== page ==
On the morning of March 30, 1967, the phone rang at Johnny Dodd and Michael Smith’s apartment down the street. “Joe was killing himself, and he was calling Johnny Dodd,” Smith said. “I picked up the phone because I was awake and Johnny was asleep. That was the reason I walked in on his death.” Smith let himself into Caffe Cino and saw Joe on the floor surrounded by blood, lit only by the dawn sunlight and the café’s twinkling Christmas lights. Joe picked up one of the other knives on the floor, but his hands were so slippery with blood that he could barely hold on to it. Smith screamed for him to stop and tried to pry the knife from his hands, to no avail. An ambulance finally came and took Cino to St. Vincent’s hospital, where he survived the day and was given antibiotics. Ellen Stewart stood vigil the whole time as dozens came to donate blood, but he died three days later. “After Joe killed himself,” Robert Patrick said, “both Harry Koutoukas and Ondine came to me in tears saying that they had killed Joe by slipping him some drugs. They had gotten some terrifically good, superior acid, and each of them had dropped a tablet of it in his drink. They never knew the other had, by the way. Each of them thought they had killed Joe.”
Judson Church hosted Joe Cino’s memorial service, just as it had Freddie Herko’s, and friends staged several tributes (such as Dames at Sea’s “Raining in My Heart,” a low-rent Busby Berkeley number that surely would have made Joe smile). “Caffe Cino was very romantic,” Michael Smith said. “We might as well let it be romanticized. But I just don’t like to see Joe’s death romanticized, or Freddie Herko, or Jon Torrey. These people died because they were in despair, and there’s nothing romantic about that. It’s terribly sad and it was a terrible blow.” Joe Cino was the model of freedom and artistic exuberance, and for him to kill himself was like a denunciation of everything he stood for. Oh, that doesn’t work, some couldn’t help but think. This was a wonderful way to live, but it just doesn’t work. “It was a shock, but I had had several shocks like that already,” said F. Story Talbot, who had lost four good friends in a short period of time. “It was like one-two-three-four—people I was close to in the theater—and it was part of what shook me out of the theater.”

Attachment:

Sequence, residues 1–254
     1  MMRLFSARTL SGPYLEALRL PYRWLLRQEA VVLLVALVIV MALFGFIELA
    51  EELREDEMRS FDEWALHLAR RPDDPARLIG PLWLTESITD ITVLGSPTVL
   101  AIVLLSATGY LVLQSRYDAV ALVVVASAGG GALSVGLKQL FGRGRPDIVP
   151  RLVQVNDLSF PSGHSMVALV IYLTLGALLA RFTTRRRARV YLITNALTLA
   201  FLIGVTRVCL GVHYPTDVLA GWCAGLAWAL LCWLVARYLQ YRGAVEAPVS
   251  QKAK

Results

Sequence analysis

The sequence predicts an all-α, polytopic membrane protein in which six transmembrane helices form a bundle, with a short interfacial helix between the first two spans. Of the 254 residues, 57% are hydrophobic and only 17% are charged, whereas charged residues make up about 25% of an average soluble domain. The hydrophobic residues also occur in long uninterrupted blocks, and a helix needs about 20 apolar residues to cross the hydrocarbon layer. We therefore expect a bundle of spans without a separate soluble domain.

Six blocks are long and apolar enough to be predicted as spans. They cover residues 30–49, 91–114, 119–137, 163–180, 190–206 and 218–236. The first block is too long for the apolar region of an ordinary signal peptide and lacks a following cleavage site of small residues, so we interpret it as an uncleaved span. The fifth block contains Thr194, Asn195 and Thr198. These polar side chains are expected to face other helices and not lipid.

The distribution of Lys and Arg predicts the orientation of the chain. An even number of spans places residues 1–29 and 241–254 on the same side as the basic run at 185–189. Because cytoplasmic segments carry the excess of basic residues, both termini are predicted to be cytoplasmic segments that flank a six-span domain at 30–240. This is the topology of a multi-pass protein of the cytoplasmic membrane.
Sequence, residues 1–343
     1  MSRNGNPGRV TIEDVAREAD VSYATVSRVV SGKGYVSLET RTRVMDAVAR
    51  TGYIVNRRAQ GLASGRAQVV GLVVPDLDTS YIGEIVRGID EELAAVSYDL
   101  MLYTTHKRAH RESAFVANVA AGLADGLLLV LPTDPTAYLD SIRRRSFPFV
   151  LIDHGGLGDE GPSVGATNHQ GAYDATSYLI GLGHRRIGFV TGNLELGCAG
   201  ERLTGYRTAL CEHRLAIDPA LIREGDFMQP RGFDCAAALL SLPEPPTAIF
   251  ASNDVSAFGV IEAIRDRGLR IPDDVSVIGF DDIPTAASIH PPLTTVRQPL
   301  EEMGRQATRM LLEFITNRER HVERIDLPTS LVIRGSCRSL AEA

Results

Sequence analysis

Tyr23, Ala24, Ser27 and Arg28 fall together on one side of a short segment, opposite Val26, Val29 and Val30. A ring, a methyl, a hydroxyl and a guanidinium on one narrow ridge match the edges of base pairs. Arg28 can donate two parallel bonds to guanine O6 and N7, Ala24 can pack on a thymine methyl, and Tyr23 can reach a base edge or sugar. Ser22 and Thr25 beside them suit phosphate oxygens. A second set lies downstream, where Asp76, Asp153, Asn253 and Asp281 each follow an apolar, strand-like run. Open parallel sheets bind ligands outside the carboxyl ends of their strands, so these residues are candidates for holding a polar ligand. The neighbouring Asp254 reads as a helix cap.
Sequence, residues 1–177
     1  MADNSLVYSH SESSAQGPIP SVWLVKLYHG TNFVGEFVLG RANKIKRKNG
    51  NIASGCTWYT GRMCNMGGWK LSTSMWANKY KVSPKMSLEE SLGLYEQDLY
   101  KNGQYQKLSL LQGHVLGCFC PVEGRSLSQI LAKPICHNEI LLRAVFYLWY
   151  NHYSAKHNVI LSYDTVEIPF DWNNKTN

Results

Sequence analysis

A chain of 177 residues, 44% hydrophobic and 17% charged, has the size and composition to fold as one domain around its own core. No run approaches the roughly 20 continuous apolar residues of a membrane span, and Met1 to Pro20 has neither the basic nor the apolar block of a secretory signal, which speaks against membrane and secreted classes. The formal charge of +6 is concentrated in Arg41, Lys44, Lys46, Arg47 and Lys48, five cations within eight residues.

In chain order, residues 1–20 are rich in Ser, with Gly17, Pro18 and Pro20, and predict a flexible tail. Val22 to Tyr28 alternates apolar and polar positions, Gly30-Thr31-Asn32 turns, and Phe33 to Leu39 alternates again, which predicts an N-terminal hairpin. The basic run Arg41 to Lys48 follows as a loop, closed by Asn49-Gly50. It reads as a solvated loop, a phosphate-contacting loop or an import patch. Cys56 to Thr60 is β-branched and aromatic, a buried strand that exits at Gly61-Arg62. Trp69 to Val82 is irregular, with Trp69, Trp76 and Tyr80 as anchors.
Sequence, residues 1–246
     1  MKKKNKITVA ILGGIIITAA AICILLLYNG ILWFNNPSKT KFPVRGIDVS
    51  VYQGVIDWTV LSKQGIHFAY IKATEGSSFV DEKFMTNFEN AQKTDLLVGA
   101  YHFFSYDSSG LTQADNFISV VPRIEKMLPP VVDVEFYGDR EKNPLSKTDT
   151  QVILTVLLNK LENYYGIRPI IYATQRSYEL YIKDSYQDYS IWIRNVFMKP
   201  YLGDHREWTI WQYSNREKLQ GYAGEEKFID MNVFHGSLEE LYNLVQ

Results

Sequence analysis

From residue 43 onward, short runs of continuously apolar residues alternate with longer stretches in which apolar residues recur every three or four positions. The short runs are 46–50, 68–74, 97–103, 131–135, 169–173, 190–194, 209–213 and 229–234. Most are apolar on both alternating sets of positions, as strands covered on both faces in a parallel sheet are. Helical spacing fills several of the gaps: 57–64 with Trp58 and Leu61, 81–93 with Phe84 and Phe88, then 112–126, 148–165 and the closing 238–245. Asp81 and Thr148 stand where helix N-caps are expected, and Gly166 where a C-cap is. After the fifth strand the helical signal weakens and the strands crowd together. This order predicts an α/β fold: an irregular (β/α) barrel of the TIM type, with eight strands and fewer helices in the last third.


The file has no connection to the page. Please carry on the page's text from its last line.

After Harry Koutoukas’s apartment caught fire in 1972, actor and playwright Harvey Fierstein wrote a show about his attempt to help clean up the mess, In Search of the Cobra Jewels. Fierstein played the Koutoukas character, mixing real details from the apartment (such as how Koutoukas partitioned his living space by tying together large scarves) with bawdy surrealism. He recited a poem about a lover as he cut a folded piece of paper with scissors—then opened it up to reveal a string of little paper men with penises, holding hands. The Cobra Jewels cast also included Agosto Machado, Ronald Tavel, Harvey Tavel, and the unpredictable Koutoukas himself, who began slicing his wrists with a razor onstage one night. “Take the razor out of Koutoukas’s hand!” people screamed as Ellen Stewart tried to stop him. “Take the razor out of his hand!” Machado recalled, “We all walked offstage, and Koutoukas—who is fabulous—he just said, ‘Oh, are you going to condemn me for getting blood on the stage?’ ” In Michael Smith’s Village Voice review, he reported that “the opening night blood-letting introduced too much reality onto the stage for my taste. I was sickened and horrified.”1 Stewart was also disturbed by the spectacle, and some time after she reminded him, “Harry, I actually saved your life, remember? You were onstage and you slit your wrists and then you started to cut your throat and I stopped you.” The stubborn playwright retorted, “Yes, but I still object to you stopping my performance, for censoring me. But I do thank you.”
From Chapter 29 of The Downtown Pop Underground — order online, or from a local independent bookstore